a doctor who knows about sclerotherapy

What is Sclerotherapy?

Sclerotherapy is a common treatment for several vascular conditions. While it is somewhat invasive, it’s still one of the easiest and most effective ways to deal with issues like spider veins or varicose veins. Here is a brief overview of this treatment method, including a look at how it works, who’s a good candidate, how much it costs, and what side effects that patients can expect.

What does sclerotherapy treat?

Sclerotherapy is an ideal treatment for both varicose and spider veins. While these two conditions are similar, there are a few key differences. Both types occur when a vein becomes weakened and enlarges due to an increase in blood pressure. This increase causes blood to pool in the veins and eventually causes them to become big and tangled. However, spider veins are typically smaller than varicose veins and occur near the surface of the skin.

How does sclerotherapy work?

To see results from the sclerotherapy process, patients must undergo multiple treatment sessions over the course of a few weeks. However, the process for each session will follow the same pattern. To begin, the doctor will use a syringe to inject a saline solution into the offending vein or veins. Over time, this solution causes the veins to close up. This means that the body must redirect the flow of blood, which will eventually cause the spider or varicose veins to disappear entirely.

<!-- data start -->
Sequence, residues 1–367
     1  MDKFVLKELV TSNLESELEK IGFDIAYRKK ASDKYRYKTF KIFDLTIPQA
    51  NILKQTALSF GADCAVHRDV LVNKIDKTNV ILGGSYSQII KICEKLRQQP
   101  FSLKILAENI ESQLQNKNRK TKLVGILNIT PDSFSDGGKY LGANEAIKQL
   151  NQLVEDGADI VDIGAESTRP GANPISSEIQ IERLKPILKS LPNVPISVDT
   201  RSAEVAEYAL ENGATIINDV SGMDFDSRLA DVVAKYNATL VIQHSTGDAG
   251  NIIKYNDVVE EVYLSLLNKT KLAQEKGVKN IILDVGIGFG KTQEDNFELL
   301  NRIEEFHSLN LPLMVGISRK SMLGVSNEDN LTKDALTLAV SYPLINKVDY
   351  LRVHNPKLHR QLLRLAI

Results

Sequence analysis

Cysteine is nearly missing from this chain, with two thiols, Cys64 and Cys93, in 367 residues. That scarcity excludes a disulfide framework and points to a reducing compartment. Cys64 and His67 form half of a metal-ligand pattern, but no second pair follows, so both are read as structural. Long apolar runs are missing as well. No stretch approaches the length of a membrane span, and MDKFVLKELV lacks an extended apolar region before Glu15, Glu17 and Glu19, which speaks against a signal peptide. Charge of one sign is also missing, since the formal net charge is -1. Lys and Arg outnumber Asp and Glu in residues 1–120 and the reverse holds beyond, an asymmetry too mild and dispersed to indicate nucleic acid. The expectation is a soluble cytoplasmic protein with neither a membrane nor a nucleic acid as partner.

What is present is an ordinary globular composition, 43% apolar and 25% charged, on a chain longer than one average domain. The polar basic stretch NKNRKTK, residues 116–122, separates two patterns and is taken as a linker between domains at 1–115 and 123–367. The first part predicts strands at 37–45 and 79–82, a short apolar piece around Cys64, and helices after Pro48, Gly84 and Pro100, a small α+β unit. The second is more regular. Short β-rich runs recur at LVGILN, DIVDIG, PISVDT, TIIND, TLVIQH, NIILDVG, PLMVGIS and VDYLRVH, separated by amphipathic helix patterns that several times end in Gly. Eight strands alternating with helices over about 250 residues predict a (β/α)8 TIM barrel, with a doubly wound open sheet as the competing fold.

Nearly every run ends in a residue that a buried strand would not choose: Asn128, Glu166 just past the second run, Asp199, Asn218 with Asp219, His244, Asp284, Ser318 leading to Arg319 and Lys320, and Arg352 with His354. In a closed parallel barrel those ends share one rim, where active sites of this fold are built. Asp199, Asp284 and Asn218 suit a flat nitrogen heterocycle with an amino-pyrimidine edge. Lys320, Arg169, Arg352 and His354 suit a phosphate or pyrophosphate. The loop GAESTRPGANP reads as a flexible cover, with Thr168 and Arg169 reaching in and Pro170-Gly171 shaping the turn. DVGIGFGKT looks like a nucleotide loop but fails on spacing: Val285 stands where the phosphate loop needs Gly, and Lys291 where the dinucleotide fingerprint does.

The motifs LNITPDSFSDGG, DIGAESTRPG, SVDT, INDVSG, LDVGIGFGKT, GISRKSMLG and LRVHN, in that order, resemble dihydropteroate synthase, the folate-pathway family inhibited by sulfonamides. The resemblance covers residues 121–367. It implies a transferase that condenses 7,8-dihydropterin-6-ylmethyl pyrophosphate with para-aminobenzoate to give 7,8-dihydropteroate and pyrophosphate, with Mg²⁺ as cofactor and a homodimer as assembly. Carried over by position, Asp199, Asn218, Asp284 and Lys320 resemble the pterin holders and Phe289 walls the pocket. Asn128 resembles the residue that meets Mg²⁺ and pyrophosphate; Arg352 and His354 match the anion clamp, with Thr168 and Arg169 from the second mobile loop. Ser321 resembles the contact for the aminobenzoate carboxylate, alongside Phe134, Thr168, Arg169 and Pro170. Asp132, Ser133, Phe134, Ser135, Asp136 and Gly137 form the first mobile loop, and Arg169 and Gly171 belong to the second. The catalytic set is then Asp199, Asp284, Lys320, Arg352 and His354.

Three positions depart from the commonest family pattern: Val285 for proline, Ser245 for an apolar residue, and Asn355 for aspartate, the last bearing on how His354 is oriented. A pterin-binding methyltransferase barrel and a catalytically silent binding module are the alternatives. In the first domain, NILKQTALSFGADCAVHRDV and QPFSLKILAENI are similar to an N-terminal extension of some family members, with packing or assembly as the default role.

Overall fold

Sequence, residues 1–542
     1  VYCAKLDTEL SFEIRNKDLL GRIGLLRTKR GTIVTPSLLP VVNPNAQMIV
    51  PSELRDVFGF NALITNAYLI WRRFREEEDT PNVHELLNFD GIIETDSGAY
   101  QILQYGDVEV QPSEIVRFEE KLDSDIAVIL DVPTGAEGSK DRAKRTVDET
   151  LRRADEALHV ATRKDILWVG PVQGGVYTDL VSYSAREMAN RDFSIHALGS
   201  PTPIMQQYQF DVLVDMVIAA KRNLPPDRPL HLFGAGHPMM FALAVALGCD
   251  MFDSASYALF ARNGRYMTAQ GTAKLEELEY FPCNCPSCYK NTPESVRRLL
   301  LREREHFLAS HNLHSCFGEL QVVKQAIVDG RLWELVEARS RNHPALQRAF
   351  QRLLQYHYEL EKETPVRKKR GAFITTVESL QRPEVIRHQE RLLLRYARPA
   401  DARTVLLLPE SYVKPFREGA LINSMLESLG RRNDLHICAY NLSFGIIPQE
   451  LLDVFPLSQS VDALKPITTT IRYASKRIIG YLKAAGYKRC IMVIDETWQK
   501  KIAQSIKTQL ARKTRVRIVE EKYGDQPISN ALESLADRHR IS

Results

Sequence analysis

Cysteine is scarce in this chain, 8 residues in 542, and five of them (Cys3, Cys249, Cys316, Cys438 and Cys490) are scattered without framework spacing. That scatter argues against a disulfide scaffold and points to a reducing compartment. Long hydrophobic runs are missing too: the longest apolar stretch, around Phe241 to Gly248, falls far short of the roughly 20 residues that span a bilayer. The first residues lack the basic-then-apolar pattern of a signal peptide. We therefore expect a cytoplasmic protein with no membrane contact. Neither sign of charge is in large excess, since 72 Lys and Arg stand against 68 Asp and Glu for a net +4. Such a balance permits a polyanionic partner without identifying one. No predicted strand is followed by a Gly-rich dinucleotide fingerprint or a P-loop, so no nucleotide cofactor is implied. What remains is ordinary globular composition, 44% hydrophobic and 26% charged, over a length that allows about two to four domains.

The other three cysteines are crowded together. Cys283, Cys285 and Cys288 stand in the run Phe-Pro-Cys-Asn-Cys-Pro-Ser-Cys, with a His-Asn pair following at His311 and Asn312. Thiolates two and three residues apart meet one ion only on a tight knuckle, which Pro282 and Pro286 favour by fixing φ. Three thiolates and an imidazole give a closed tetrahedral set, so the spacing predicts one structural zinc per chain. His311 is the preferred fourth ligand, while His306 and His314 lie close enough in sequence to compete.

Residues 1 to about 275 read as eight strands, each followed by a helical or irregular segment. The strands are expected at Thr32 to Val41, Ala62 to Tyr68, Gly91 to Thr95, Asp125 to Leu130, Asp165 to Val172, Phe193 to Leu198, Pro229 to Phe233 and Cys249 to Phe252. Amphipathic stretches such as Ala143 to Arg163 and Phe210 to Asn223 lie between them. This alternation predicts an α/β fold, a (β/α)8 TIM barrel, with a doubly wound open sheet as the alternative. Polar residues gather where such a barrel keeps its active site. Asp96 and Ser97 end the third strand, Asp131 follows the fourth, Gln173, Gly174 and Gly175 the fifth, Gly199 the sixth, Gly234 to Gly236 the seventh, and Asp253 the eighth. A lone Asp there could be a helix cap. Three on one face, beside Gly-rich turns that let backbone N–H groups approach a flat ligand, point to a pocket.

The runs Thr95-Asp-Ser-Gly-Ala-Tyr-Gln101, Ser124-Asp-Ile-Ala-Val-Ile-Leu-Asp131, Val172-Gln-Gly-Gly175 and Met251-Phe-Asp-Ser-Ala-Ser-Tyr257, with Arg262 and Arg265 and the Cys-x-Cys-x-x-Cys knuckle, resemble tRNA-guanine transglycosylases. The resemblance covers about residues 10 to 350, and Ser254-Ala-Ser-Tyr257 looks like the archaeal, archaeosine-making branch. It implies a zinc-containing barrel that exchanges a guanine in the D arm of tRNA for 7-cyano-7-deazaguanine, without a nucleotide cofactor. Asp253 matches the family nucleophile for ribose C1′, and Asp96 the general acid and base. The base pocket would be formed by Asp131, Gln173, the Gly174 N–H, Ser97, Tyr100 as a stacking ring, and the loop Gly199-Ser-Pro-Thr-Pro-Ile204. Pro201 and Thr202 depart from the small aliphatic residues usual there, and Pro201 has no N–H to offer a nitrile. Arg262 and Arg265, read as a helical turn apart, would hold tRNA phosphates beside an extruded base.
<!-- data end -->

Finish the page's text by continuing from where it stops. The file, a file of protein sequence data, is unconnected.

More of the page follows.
Each sclerotherapy session takes between 15 and 30 minutes, depending on the number of veins treated and the severity of a patient’s condition.

Is sclerotherapy effective?

It’s estimated that over 90% of patients who undergo sclerotherapy get results from the procedure. However, the process can take a significant amount of time. For spider veins, it normally takes between a month to a month and a half to see a visible reduction, and varicose veins can take up to four months to eliminate entirely.

Who is a candidate for sclerotherapy?

Women who are pregnant or who have given birth within the last three months should avoid sclerotherapy. Similarly, people who are bedridden are not good candidates either. While previous troubles with blood clots or other vascular issues should be a cause for concern, they do not necessarily mean that a person is not eligible for sclerotherapy—however, he or she should consult with a physician before undergoing the procedure.

What are the side effects of sclerotherapy?

While sclerotherapy is not without side effects, most are relatively mild. Some of the most common include bruising, tenderness, and irritation at the site of injection. Additionally, larger veins may swell and harden during the early stages of treatment, but this will eventually resolve. Finally, brown lines may appear near the injection site, as blood sometimes may leak out of the treated veins. For most people this is a temporary condition, but the lines may become permanent in a few rare cases.

How much does sclerotherapy cost?

There are a number of factors that will influence the cost of sclerotherapy—including the size of the veins being treated, the length of each session, and the number of sessions necessary. However, on average it runs about $150 to $300 per treatment.

In certain circumstances, it may be possible to have sclerotherapy covered by a health insurance provider, but this is only the case when a person’s varicose or spider veins pose an actual medical risk to him or her. Sclerotherapy for cosmetic reasons is almost universally not covered by health insurance.